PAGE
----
The medical history represents the single most important opportunity to obtain individualized medical information. Since it is an opportunity and not a guaranteed source of information, the caregiver or patient during the interview may unknowingly miss critical data. Language proficiency, patient and caregiver cognitive abilities, readiness to change behavior, interest in seeking health care, and personal comfort with the practitioner are only a few factors that may influence the ability to obtain vital information. The information in this chapter can enhance the clinician’s ability to obtain patient information and to delve more deeply into patient motivation and understanding than the classically structured patient history. It assumes that it is a caregiver of a patient that is being interviewed, but the principles described apply to interviewing patients when developmentally appropriate.
Table 4-1 describes the traditional patient history. The typical history focuses on gathering a variety of specific information in a brief period of time. The very important information recorded in the traditional history is an organized synopsis and a necessary summary of medications, surgeries, and major medical events. The degree of detail present in the various components is highly variable and should be tailored in response to the purpose and duration of the visit. The traditional history provides early valuable insight into factors influencing a patient’s motivation for seeking care.
++ Table Graphic Jump Location TABLE 4-1COMPONENTS OF THE CLASSIC PATIENT HISTORY ||Download (.pdf) TABLE 4-1COMPONENTS OF THE CLASSIC PATIENT HISTORY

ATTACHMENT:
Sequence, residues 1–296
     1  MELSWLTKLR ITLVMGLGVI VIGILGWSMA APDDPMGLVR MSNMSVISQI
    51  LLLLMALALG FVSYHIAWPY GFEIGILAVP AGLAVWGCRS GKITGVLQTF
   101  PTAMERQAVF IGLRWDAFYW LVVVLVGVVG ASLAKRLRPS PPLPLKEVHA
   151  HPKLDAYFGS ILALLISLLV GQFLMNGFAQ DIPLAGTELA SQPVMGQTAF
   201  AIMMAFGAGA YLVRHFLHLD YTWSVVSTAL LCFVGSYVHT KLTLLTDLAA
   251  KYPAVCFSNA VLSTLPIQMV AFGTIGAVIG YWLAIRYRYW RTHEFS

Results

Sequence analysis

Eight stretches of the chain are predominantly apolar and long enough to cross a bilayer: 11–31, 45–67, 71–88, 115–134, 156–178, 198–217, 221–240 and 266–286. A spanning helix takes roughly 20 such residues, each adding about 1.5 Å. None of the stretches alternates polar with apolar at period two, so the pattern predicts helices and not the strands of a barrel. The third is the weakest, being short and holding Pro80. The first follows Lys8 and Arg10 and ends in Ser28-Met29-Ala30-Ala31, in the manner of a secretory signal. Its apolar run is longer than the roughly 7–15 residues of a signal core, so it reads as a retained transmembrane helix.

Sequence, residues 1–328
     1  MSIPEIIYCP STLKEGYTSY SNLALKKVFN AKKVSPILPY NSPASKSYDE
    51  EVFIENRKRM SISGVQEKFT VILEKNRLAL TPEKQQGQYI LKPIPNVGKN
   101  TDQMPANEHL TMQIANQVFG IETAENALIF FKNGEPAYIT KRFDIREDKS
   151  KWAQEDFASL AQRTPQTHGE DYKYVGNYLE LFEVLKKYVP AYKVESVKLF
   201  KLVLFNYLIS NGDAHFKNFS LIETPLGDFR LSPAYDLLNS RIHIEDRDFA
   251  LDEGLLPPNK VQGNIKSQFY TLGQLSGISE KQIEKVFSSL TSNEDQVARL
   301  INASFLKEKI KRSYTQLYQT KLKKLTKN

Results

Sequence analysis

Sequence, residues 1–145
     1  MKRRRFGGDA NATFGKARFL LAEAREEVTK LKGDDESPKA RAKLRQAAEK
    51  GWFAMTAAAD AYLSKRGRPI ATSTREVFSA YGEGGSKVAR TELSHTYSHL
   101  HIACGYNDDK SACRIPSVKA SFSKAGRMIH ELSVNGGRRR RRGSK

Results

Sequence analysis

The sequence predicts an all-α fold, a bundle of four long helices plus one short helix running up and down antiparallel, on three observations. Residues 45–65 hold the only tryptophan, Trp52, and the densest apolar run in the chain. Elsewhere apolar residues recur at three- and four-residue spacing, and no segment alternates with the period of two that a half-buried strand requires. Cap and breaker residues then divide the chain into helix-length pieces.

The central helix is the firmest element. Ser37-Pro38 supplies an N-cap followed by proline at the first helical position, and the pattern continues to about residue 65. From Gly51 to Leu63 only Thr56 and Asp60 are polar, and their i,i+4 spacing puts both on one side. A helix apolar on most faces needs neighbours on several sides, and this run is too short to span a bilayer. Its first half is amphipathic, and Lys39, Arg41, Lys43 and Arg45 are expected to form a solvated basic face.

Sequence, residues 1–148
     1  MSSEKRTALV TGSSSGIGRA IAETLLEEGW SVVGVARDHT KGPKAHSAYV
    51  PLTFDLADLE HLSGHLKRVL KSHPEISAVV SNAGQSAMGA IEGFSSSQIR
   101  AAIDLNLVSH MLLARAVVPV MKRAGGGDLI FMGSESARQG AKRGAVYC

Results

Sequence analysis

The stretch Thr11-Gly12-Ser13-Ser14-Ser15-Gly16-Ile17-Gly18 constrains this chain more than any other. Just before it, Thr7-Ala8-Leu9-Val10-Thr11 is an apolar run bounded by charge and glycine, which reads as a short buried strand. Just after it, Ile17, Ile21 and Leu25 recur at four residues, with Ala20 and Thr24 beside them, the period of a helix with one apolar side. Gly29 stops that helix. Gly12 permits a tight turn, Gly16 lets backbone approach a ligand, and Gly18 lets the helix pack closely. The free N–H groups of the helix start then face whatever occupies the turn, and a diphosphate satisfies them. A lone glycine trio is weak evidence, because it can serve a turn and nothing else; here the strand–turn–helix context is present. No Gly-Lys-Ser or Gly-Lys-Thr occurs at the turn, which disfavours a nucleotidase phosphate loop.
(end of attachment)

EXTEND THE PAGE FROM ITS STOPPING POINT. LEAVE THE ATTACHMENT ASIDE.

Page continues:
| ||Content |
|Chief complaint (CC) ||The patient- or primary caregiver–stated reason for being present at the visit |
|History of the present illness (HPI) ||A detailed synopsis of factors most pertinent to the chief complaint; focuses on timing, duration, severity, and symptoms associated with the chief complaint |
|Past medical history (PMH) ||A listing of medications, allergies, surgeries, hospitalizations, chronic illnesses, and other significant medical occurrences |
|Review of systems (ROS) ||An organ system–based evaluation of complaints and previous diagnoses not otherwise covered in the past medical history |
|Family history (FH) ||A summary of illnesses present in the patient’s family history, recorded in relation to the patient |
|Social history (SH) ||A synopsis of psychosocial and other factors affecting care; at a minimum, social history should include living situation, school/work history, and support system |
The challenge of the medical history is to not lose sight of the patient and caregiver’s often unstated goals. A significant hazard of the traditional medical history is losing valuable information that may not present itself if the patient feels the clinician is not listening to them. A clinician may unwittingly prevent a patient or caregiver from expressing concerns and from identifying barriers to care. Often, large parts of the medical history can be obtained from patients and caregivers in the form of surveys or questionnaires completed either independently or with the assistance of trained staff. Additionally, the first two components ...